The European Union has little to no fossil fuel reserves and is therefore highly dependent on energy imports from third countries. Despite recurrent human rights violations in Russia and among Middle Eastern states, these regimes remain the main foreign trading partners of the European Union in terms of energy. Besides their profoundly repressive domestic politics, these states also conduct highly aggressive foreign policies as found in the Syrian conflict. The war in Syria started as a civil uprising, only to descend into an international proxy war. It is a prime example of how foreign regional hegemonies pursued their interests in Syria at the expense of the local population. According to Human Rights Watch, more than 400.000 people have died since 2011, around 11.7 million people are in dire need of humanitarian aid and millions have emigrated. This humanitarian catastrophe should be a primary concern for the European Union, as it calls itself a global defender of human rights. However, the Union remains trapped in a stranglehold of defending its primary values and securing its energy supplies, specifically concerning Russia and Turkey.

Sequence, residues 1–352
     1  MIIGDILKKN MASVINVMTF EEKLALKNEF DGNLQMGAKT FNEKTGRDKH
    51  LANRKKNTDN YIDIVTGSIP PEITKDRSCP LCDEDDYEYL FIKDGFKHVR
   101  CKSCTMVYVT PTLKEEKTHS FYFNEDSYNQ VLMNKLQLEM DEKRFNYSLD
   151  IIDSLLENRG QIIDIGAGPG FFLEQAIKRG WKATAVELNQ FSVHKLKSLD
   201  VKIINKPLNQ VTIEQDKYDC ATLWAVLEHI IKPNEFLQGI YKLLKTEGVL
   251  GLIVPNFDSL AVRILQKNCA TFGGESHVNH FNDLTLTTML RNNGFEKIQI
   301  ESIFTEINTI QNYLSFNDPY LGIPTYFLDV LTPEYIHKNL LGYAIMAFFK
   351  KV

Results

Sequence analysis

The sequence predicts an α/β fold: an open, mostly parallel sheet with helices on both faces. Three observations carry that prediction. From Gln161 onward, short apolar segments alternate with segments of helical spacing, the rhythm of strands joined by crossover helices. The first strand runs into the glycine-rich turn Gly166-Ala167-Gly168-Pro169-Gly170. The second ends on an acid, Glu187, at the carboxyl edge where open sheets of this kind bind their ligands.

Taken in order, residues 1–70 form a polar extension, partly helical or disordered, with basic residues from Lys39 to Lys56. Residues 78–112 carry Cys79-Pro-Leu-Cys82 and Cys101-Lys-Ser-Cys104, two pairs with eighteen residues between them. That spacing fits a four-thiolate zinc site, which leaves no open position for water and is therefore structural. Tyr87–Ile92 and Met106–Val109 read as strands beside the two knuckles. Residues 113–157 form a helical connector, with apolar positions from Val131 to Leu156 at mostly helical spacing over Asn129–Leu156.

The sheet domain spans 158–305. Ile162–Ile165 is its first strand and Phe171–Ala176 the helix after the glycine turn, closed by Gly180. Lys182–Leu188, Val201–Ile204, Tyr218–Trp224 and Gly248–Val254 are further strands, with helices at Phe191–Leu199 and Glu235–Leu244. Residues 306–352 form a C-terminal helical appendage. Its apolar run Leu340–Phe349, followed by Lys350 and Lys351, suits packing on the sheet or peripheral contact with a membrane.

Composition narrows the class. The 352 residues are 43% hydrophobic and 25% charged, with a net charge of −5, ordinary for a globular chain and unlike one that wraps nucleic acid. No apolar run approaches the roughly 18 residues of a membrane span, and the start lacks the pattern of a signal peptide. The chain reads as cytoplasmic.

Russia continues to be the Union’s main trading partner, accounting for 69% of total EU energy imports. With the construction of Nordstream 2, creating a direct link between Russia and Europe’s strongest economy, Germany demonstrates the Union’s unwillingness to diversify away from the Kremlin’s fossil fuel supplies. Other key players in the Syrian theater, such as Turkey, are not direct producers but important transit countries for fossil fuels from Central Asia and the Middle East. Hence, a direct confrontation with Erdoğan’s foreign ambitions might not only pressure the 2016 migration deal but also endanger Europe’s energy security. 

Syria: Playground of foreign ambitions